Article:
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Taming Coconut Pests by Green Warriors

A. Josephrajkumar, Chandrika Mohan and V Krishnakumar

Adopting an ecological engineering approach, farmers in Kerala could effectively suppress most of the palm pests in an eco-friendly  manner. While safeguarding environment, these eco-friendly strategies helped farmers obtain regular income for sustainable livelihoods.

The Kalpavriksha, coconut tree, has been serving farm livelihoods of more than 12 million farm families in our country. It is one of the most precious trees offering multiple benefits to the mankind. It provides health drink, rich nutritious food supplement and precious oil. In fact, every part of the plant offers so many diverse products useful for day to day living.

Housing a wide array of insects during inflorescence blooming in coconut, these foraging fauna, besides improved nut yields, are beneficial to the eco system, in the form of nectar and pollen as nursing feed.  More the pollinators, larger are the yields of coconut.  Honey bees and stingless bees dominate insect foragers of tall varieties, whereas, the ants pre-dominate the dwarf varieties. The quantum of these insect foragers indicates the health of the coconut eco system, encouraging pollination and infusing diversity in palms. Any disturbance in these associations through unscientific chemical interventions will have severe ecological backlashes.  It has been reported that a spectrum of insect pests affect the leaves, inflorescence, young buttons, immature and mature nuts as well as internal bores, damaging palm crown.

Ecological engineering for pest management

Ecological engineering approach has been tried out to reduce the pest incidence in coconut palms. A crop habitat based pest regression module has been developed at ICAR-CPCRI with Kalpasankara coconut hybrid and intercrops such as nutmeg, rambuttan, banana, curry leaf, jack, marigold, custard apple etc. It was observed that the pest incidence was comparatively low in the ecological engineering plot while it was two to four times greater in mono-cropped coconut garden.  The crop biodiversity disoriented the pests away from ecological engineering garden, ensuring a high population of pest defenders and pollinators. Also there has been a significant increase in honey bee population on coconut and coral vines. All this has resulted in enhanced coconut yield – averaging 161 nuts per palm per year after five years of planting. In addition to reduced pest incidence, the model resulted in generating sustained income and employment through complementary utilization of resources.

Green warrior against rhinoceros beetle

Rhinoceros beetle (Oryctes rhinoceros Lin.) is a pest that damages spear leaves, inflorescences and nuts and also invades juvenile palms through collar region incurring crop loss to the extent of  8-9%. It also pre-disposes the palms to the killer pest, red palm weevil. Adult beetles feed on coconut and the immature stages viz., eggs, grubs and pupae are confined to cow dung pits, dead logs and decaying organic debris.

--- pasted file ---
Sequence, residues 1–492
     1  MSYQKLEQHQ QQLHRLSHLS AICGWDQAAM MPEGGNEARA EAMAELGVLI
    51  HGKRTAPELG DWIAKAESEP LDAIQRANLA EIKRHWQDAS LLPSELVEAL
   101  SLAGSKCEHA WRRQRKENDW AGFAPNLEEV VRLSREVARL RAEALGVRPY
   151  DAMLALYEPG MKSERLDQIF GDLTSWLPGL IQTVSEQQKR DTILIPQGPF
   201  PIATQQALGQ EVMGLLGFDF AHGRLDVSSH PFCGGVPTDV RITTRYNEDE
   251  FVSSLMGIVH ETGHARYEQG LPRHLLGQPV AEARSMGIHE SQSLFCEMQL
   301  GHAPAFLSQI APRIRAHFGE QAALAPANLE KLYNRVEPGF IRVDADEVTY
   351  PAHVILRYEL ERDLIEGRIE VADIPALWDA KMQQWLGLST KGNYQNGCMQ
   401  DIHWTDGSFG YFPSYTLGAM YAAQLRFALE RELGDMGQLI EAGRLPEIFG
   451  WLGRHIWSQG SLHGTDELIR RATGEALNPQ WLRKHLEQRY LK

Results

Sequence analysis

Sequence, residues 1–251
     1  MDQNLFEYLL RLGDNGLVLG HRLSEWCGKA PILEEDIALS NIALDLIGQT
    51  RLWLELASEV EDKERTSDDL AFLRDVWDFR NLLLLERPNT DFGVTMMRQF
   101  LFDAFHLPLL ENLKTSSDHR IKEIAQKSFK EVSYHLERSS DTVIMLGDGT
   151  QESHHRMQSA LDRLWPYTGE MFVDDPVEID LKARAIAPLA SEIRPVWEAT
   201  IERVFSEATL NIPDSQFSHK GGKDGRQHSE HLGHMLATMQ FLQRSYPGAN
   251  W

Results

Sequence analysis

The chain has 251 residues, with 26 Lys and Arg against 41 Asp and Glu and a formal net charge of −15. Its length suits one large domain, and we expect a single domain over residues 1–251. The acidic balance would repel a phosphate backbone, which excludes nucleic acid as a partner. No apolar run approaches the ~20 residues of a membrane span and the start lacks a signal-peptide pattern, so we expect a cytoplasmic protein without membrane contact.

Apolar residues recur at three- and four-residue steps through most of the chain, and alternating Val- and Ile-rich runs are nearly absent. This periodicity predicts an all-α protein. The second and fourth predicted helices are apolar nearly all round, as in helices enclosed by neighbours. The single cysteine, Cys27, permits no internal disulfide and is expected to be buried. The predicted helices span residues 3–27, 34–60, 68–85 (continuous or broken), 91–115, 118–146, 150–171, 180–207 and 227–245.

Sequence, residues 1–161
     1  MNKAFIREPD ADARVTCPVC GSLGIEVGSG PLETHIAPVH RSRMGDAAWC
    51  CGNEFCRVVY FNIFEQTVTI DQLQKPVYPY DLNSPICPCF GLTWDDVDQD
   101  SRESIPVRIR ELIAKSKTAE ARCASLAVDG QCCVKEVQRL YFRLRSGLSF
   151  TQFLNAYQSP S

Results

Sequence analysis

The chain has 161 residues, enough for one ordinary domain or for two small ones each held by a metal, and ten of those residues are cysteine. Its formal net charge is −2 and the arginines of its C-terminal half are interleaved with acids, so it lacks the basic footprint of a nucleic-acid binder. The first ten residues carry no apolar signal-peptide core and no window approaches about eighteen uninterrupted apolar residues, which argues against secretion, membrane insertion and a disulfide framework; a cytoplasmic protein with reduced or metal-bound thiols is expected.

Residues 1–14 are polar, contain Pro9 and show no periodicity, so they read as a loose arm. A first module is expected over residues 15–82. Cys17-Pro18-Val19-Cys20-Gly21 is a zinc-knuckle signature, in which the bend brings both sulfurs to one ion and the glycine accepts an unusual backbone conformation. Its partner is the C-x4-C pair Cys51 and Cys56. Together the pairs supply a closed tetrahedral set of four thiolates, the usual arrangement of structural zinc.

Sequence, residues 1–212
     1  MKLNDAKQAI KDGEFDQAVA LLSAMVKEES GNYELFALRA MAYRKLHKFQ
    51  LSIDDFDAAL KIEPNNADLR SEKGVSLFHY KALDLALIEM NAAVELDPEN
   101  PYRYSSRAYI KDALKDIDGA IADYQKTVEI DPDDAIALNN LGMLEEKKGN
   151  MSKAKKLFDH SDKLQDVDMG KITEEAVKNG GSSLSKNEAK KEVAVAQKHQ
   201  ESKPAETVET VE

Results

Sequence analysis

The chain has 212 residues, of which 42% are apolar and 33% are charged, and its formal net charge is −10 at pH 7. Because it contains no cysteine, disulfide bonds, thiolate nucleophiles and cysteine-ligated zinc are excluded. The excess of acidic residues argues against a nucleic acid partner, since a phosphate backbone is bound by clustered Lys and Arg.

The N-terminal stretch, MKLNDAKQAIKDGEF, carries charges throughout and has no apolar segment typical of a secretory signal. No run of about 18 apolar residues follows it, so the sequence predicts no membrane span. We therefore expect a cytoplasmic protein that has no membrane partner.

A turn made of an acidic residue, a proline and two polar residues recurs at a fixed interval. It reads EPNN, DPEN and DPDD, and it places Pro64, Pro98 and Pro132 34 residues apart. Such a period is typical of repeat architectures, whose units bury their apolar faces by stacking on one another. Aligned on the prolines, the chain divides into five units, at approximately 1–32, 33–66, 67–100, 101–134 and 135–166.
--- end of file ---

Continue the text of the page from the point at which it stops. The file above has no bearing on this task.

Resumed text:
Ecological engineering is about manipulating farm habitats, making them less favourable for pests and more attractive to beneficial insects.

ICAR-CPCRI has found a potent green muscardine fungus, Metarhizium anisopliae that could control the beetle. Spores of M. anisopliae enter on cuticular contact and kill the grubs in a fortnight. A dosage of 5×1011 spores per cubic metre of pest breeding material is recommended for field application.  ICAR-CPCRI has developed technologies for mass multiplication of M. anisopliae in an inexpensive locally available substrates, such as, coconut water, cassava chips and semi-cooked rice.

Base line survey  of  coconut farmers of Kerala indicated non-availability of biocontrol agents as the principal constraint for adoption of IPM for rhinoceros beetle. Farmers were organized into clusters through Farmer Field Schools for imparting knowledge and skills on biological pest control.  Farmer field schools enabled mutual learning as well as better understanding how the practices could be adopted in a larger area within a limited time period.

The programme was undertaken in Kandalloor, Krishnapuram and Devikulangara panchayaths of Alappuzha district (1500 ha) and Edava panchayath in Thiruvananthapuram district (520 ha) of Kerala state. Coconut farmers of different categories belonging to both the genders, actively participated. ICAR-CPCRI scientists guided the process.

Smt. Rajini Jayadev, President, Block Panchayat, Bharanikavu is a staunch supporter of biological control methods. She has been producing of M. anisopliae in her house and providing it to her neighbours on demand. She has been instrumental in spreading this technology at the Panchayat level,  boosting confidence among the farmers.

Women farmers in Edava panchayath, under the aegis of Edava Womens Association, were organized as clusters, sensitized and trained  by ICAR-CPCRI scientists, for mass production of M. anisopliae by using semi-cooked rice. The house premises of the participants served as the production area. Group members spent 1-2 hours/day on an average, for mass production. Innoculation of green muscardine fungus was undertaken in candle lit enclosures, to create near sterile environment, to avoid contamination.

It was found that the mean average knowledge index of the FFS farmers (51.31) was 65 per cent more than the non-FFS farmers (31.10), proving  that FFS is an appropriate extension approach for knowledge improvement and technology adoption. The active participation and facilitation of extension officials and peoples representatives were also ensured for sustainability and continuity of the initiative.